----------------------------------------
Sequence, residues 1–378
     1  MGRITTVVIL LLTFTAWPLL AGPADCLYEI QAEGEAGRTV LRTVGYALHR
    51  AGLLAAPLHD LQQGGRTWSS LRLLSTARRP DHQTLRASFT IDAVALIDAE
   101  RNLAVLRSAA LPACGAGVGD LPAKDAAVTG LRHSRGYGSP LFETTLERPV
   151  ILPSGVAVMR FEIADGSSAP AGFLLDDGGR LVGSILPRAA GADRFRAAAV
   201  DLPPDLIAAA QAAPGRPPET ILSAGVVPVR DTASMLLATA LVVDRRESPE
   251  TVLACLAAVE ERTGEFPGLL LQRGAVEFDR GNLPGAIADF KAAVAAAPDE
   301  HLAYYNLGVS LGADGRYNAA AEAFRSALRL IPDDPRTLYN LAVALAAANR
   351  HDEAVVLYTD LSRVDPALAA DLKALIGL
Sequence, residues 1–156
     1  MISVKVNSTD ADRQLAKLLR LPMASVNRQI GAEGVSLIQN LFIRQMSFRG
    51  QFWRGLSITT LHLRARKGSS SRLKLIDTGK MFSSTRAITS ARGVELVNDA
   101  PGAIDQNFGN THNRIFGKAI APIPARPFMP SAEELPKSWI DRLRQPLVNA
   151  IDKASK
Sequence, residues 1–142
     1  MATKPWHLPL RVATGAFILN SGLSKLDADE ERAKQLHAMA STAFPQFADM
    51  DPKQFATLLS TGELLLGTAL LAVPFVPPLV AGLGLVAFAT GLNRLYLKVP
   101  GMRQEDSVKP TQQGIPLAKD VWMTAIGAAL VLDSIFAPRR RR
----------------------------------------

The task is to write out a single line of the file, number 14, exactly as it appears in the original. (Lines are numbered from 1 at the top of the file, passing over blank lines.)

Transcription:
   151  IDKASK